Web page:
• Destruction. In a perfect world, all PFAS treatment approaches would include a destructive step to destroy the PFAS and eliminate the long-term risks associated with the disposal and storage of these materials. While incineration was the default destructive solution for many years, recent scrutiny over the emissions and cost of incineration has caused many to move away from this approach.  Certain states, and more recently EPA, have worked towards bans or restrictions on the incineration of PFAS. Recent developments of field-deployable treatment technologies capable of destroying PFAS are promising; however, these technologies are both expensive and energy intensive, and can only accommodate small volumes or batch treatment approaches, limiting their commercial application to date.

While there are clear developments being made across each of these treatment categories, combining them in a layered or sequential approach – sometimes referred to as a treatment-train approach - allows engineers to leverage technology-specific advantages and provide cost-efficient solutions for PFAS treatment. For example, advancements being made with separation technologies have resulted in greater reductions in the volume of a waste stream. By further reducing these volumes, applying destructive technologies that were not economically capable of treating the original waste stream become more viable. Such treatment-train approaches may provide organizations cost effective solutions that can also be optimized through further technology improvements, or altered should regulatory drivers require more stringent treatment goals in the future.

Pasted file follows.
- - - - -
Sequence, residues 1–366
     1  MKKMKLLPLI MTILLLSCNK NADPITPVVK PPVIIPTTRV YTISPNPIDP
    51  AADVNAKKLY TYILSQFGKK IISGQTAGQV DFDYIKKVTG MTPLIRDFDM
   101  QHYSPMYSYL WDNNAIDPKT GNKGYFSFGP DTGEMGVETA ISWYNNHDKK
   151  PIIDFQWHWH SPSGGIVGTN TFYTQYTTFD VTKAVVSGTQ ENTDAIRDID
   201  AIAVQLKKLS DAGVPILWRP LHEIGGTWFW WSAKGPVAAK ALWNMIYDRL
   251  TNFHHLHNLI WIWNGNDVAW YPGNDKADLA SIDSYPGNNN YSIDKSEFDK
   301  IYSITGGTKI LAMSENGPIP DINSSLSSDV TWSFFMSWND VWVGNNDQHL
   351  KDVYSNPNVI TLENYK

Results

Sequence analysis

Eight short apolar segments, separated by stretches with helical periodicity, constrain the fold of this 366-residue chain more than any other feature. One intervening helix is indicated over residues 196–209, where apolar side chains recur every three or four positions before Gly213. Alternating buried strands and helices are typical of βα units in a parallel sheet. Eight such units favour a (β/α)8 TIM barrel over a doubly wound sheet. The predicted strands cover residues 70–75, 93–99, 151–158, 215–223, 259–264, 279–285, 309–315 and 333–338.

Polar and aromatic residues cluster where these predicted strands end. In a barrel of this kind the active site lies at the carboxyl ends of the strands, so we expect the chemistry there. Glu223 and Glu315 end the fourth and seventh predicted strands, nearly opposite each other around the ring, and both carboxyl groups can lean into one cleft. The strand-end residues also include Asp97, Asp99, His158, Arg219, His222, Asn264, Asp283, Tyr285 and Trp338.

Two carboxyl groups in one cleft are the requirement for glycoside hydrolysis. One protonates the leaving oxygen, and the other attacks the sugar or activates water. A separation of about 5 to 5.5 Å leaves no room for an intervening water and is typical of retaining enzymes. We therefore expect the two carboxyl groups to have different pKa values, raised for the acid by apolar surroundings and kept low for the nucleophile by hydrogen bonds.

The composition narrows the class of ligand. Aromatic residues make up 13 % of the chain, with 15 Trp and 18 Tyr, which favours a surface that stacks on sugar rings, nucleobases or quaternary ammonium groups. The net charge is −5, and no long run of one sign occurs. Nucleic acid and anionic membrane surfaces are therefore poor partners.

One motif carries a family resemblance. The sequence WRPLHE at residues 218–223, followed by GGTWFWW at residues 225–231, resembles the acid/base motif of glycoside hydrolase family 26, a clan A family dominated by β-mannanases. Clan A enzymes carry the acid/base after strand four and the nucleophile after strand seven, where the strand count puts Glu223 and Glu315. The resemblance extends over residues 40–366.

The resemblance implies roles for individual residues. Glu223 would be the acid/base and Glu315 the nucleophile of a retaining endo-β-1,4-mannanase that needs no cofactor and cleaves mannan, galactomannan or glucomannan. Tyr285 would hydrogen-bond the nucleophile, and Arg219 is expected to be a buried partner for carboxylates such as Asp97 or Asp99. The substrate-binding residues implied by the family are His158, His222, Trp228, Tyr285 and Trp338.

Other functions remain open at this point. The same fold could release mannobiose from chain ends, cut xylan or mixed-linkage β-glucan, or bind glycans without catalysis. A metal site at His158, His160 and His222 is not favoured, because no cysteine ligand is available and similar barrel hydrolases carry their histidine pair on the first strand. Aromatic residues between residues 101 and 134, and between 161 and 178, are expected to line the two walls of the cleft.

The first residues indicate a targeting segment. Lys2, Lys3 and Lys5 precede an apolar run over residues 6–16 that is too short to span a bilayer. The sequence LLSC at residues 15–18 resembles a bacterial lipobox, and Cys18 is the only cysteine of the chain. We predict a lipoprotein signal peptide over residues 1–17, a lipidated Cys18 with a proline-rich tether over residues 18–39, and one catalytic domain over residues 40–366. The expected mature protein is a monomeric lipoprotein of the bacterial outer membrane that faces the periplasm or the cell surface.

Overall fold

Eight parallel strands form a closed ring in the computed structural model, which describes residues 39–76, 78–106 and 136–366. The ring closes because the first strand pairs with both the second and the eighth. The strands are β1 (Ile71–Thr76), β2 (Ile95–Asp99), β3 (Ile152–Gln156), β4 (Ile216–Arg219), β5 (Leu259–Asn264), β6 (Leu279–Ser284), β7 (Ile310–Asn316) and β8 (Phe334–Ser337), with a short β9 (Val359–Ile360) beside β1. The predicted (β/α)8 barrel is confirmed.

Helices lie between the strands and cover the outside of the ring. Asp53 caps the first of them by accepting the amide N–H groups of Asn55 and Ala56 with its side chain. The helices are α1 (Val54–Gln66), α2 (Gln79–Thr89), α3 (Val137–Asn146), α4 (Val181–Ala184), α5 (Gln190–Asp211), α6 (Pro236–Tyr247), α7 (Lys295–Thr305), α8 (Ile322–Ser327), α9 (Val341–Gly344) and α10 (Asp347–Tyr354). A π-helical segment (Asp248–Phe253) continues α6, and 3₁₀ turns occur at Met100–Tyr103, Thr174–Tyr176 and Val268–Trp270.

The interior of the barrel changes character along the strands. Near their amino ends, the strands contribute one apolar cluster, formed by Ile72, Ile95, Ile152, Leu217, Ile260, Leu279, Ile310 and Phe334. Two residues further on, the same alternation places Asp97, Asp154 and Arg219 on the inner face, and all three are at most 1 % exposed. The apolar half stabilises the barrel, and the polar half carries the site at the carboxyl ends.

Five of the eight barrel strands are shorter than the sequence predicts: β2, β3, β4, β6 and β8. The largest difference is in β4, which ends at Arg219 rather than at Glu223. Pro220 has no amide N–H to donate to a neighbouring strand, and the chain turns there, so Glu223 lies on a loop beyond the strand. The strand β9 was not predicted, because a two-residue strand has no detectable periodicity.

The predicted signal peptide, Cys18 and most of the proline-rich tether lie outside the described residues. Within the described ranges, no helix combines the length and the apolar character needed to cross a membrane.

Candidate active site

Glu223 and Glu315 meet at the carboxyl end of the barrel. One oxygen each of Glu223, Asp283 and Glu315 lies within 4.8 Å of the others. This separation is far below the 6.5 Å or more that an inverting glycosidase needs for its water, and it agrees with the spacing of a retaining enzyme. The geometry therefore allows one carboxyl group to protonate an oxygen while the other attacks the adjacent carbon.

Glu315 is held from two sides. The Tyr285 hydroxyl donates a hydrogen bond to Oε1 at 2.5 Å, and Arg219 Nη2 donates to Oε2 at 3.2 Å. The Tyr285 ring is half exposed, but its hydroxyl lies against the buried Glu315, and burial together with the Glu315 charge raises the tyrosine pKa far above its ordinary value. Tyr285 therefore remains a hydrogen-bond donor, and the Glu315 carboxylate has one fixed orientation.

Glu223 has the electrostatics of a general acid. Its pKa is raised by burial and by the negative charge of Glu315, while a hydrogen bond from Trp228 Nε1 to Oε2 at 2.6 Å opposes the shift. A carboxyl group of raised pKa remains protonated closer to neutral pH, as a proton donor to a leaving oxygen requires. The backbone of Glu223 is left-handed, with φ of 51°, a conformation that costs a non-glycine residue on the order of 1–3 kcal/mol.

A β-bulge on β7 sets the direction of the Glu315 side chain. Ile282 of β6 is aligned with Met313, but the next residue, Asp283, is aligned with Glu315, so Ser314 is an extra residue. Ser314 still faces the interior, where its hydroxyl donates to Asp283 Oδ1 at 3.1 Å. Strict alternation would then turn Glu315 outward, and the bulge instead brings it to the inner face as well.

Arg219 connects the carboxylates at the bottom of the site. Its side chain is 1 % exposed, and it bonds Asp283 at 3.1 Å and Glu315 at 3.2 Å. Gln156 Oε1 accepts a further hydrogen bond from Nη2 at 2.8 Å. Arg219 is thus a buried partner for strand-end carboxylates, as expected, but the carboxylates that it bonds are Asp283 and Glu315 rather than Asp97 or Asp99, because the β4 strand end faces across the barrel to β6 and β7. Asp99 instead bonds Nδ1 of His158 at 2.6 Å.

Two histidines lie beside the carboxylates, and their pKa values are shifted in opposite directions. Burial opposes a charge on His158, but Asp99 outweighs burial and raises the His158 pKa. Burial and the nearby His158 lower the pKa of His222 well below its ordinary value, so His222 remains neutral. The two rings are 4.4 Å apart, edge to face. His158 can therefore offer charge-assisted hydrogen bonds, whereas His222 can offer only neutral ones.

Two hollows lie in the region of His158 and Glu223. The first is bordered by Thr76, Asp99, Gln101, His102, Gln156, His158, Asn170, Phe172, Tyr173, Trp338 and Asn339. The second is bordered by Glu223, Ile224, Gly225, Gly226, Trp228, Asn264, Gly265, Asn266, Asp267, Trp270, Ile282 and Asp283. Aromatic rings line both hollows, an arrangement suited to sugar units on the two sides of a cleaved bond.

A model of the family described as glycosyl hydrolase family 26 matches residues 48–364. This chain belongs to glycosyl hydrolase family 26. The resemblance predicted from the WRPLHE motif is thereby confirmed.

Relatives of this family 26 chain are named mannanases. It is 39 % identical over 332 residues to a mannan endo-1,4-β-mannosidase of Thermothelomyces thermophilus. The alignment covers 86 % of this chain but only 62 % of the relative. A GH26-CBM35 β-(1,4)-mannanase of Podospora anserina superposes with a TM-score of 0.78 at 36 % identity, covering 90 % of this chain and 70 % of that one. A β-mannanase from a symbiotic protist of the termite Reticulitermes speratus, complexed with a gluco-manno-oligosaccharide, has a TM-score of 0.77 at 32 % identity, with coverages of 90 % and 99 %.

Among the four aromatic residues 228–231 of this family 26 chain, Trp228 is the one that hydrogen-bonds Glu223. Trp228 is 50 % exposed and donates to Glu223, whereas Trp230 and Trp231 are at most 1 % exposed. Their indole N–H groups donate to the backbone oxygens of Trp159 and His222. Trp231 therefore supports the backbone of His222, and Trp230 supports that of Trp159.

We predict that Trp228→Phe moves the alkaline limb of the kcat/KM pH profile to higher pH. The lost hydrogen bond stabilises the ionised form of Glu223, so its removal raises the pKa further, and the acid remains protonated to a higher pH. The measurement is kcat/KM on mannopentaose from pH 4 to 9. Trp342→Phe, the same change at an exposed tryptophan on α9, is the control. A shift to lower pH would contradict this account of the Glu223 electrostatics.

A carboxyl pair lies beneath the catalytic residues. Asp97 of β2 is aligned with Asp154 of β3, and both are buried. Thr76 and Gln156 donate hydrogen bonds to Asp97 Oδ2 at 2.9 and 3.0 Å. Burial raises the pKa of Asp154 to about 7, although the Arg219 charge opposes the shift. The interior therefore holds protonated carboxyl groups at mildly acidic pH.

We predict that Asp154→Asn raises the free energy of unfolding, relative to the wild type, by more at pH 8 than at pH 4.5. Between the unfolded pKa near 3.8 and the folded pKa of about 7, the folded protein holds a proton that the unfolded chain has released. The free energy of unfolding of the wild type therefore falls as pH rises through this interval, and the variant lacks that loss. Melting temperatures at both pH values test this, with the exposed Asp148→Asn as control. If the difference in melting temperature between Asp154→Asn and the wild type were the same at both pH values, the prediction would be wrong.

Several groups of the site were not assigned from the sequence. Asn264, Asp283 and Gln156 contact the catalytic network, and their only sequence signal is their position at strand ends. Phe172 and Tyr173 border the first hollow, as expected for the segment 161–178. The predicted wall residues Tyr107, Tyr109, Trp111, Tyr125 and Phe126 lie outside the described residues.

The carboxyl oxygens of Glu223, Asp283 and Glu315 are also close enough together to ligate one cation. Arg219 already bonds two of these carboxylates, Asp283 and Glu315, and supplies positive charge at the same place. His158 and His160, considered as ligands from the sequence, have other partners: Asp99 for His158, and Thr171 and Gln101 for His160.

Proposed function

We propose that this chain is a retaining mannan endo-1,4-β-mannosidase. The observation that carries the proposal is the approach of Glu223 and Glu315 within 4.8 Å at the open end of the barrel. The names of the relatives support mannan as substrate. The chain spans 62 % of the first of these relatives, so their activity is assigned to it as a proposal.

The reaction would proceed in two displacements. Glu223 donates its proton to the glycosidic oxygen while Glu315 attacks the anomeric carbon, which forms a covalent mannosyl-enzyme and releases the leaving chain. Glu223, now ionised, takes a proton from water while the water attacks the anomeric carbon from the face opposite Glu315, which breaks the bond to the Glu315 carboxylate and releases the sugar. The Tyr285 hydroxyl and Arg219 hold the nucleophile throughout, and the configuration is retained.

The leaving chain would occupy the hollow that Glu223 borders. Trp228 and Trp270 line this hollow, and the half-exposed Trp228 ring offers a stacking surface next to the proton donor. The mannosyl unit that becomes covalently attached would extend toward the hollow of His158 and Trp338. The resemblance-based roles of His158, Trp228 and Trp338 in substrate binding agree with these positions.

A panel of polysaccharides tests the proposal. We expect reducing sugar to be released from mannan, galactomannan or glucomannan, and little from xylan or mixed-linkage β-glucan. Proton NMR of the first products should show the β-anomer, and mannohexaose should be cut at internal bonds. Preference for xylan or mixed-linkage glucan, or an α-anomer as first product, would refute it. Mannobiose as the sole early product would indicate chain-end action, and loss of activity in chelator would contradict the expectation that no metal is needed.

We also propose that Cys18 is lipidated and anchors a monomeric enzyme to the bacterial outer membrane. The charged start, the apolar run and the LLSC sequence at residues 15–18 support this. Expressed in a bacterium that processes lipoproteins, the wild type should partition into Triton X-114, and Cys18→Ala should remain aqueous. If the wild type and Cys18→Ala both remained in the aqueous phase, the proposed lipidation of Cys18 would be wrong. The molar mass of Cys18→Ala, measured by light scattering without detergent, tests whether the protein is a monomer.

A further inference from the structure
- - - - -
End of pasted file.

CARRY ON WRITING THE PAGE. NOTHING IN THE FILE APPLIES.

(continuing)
III. Conclusion 

The message from federal and state governments is clear: the investigation and remediation of at least some PFAS compounds will inevitably be required and will be a regulatory priority over the next several years. This regulatory direction provides industries an opportunity to plan ahead and make strategic decisions regarding their management of PFAS, including consideration of remedial strategies and solutions in anticipation of future regulatory action. Businesses that take a proactive approach are likely to be better positioned to react to requirements resulting from these forthcoming regulations.

If you would like additional information regarding the PFAS Strategic Roadmap, or if you would like assistance in evaluating PFAS substances in any capacity, please contact Tom Lee and John Kindschuh at BCLP or Brian Hoye and John Hesemann at Burns & McDonnell.